‘A shining example of dedication, empathy and leadership’

Jolyon Attwooll

26/10/2023 4:32:59 PM

Inspiring speeches and stories were heard as the college celebrated the 2023 RACGP Aboriginal and Torres Strait Islander Health awards.

Award winners
Clockwise from TL: Dr Karen Nicholls; Dr Nicole Higgins with Dr Kali Hayward; Associate Professor Brad Murphy; Dr Mark Daley.

In a ceremony that took place on Gadigal Land this week, inspirational GPs received awards from Dr Karen Nicholls, Chair of the RACGP Aboriginal and Torres Strait Islander Health Faculty, and RACGP President Dr Nicole Higgins.
Standing Strong Together Award (dual winners) – Dr Kali Hayward and Dr Mark Daley

Dr Kali Hayward
Dr Nicholls paid tribute to Warnman woman Dr Hayward, describing her as ‘an outstanding mentor’, and a ‘shining example of dedication, empathy and leadership, both regionally and nationally’.
Dr Nicholls said her GP colleague’s ‘unwavering commitment’ to quality healthcare and raising awareness of Aboriginal and Torres Strait Islander culture has led to ‘more respectful, inclusive healthcare services’ as well as improved patient satisfaction and outcomes.
In her speech, Dr Hayward paid tribute to her father, who was forcibly removed from his family as part of the Stolen Generation.
‘The person that decided that was a doctor,’ she told award attendees.
‘He went into the community, and it was on his say-so that [my father] was removed. He wasn’t put into a hospital, he was put into a jail cell at the age of four.
‘So I want to acknowledge my father.
‘And I want to acknowledge what we do as doctors with the best of intentions, and how that will look in the future. We need to make informed decisions, we need to make decisions that involve the community, and that are community driven.
‘Because we do not want another Stolen Generation, and unfortunately at the moment we have more children being removed and put into out-of-home care than we have with the Stolen Generation.
‘So we need to be advocates for our Aboriginal and Torres Strait Islander communities. We need to stand up and we need to have a say.
‘This is why I continue to do the work that I do.
‘Because I want a better future for my children and for my grandchildren, and for my grandchildren to be safe and not be removed from their families.’
Dr Mark Daley
A GP at the First People’s Health and Wellbeing clinic in NSW, Dr Daley is described by Dr Nicholls as ‘passionate and committed to providing the highest quality of culturally safe, trauma-informed care to his patients, many of whom have some of the toughest and most complex health, social and emotional wellbeing issues as a result of colonisation, and the impacts of intergenerational trauma, dispossession and discrimination’.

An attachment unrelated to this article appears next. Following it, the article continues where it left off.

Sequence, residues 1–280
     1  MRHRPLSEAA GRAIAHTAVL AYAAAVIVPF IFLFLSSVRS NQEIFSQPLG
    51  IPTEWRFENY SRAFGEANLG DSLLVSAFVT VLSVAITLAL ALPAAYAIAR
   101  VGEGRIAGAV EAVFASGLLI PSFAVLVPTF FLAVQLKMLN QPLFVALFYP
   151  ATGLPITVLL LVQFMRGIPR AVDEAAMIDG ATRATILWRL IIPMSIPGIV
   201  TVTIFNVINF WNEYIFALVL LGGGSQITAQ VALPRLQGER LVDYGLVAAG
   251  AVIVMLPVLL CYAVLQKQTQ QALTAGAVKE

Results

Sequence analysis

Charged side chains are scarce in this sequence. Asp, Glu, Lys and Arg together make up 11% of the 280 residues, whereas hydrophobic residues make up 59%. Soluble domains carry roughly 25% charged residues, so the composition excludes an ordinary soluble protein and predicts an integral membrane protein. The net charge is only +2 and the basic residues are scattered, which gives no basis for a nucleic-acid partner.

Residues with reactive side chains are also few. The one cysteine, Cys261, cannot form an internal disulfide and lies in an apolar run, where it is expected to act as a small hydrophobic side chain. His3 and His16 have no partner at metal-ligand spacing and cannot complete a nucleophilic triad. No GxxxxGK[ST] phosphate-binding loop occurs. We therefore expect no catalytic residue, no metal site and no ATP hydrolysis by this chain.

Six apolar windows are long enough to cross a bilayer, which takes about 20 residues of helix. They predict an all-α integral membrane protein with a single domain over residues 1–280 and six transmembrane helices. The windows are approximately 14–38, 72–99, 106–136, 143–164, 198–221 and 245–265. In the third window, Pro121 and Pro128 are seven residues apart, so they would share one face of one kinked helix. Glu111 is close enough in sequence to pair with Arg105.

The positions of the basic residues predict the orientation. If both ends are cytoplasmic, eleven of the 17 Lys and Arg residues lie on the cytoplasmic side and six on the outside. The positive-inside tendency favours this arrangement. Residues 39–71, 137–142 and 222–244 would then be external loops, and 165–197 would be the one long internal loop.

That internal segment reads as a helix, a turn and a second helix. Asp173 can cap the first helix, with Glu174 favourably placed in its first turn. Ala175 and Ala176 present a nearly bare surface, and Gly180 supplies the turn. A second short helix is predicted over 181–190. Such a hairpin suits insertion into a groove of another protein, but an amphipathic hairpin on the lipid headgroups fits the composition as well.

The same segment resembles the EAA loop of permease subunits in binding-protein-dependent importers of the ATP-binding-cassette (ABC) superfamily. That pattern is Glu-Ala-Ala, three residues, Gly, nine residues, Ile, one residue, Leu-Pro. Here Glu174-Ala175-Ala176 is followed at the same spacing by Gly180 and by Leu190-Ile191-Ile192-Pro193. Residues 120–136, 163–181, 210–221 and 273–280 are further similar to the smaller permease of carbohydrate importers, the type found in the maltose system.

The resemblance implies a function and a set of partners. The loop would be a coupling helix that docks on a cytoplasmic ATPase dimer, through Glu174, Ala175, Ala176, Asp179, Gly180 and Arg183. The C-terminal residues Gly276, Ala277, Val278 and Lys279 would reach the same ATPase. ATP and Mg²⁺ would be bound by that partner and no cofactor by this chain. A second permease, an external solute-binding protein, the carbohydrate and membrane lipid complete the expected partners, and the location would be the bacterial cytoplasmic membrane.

‘He understands that for Aboriginal and Torres Strait Islander people good health is more than the absence of disease or illness,’ Dr Nicholls said.
‘It’s a holistic concept. It includes physical, social, emotional, cultural and spiritual wellbeing for both the individual and the community.’
In his acceptance speech, Dr Daley thanked the college, his colleagues, as well as his wife and family for their support.
‘My job is the best job in the world,’ he said.
‘For this speech, I asked, “What should I talk about?”
‘What I was told was that the voices have always been there. It is our job to listen to them.’
Growing Strong Award – Dr Patrick McNamara
This award, which goes to a GP in training, went to Dr McNamara, who is one of only two Aboriginal and Torres Strait Islander doctors in the Australian Defence Force.
‘He continuously strives to provide the highest care for Defence Force personnel, and goes above and beyond to ensure that healthcare received by Indigenous soldiers is safe and culturally appropriate,’ Dr Nicholls said.
‘I have no doubt Patrick has a bright future, both in defence and in rural and remote healthcare.’
In his speech, Dr McNamara thanked this mother, as well as clinicians who mentored and supported his progress, and the Indigenous General Practice Registrars Network, which he said helped him get through his training.
Medical Student Bursary – Loyola Wills
This year’s bursary went to Loyala Wills, a Torres Strait Islander woman and final year Flinders University medical student who runs an online platform called Med School Made Colourful.
Offering medical education support to Aboriginal and Torres Strait Islander students, the project came from Ms Wills’ wish to show others the same backing she has received during her studies.
‘I had a lot of support from other Aboriginal and Torres Strait Islander medical students who are ahead of me,’ she said on receiving the award.
‘They’ve all graduated now and they’re still an amazing support to my life.
‘I offer those resources for free to Aboriginal and Torres Strait Islander students, because it’s really important to me to support people through that.’
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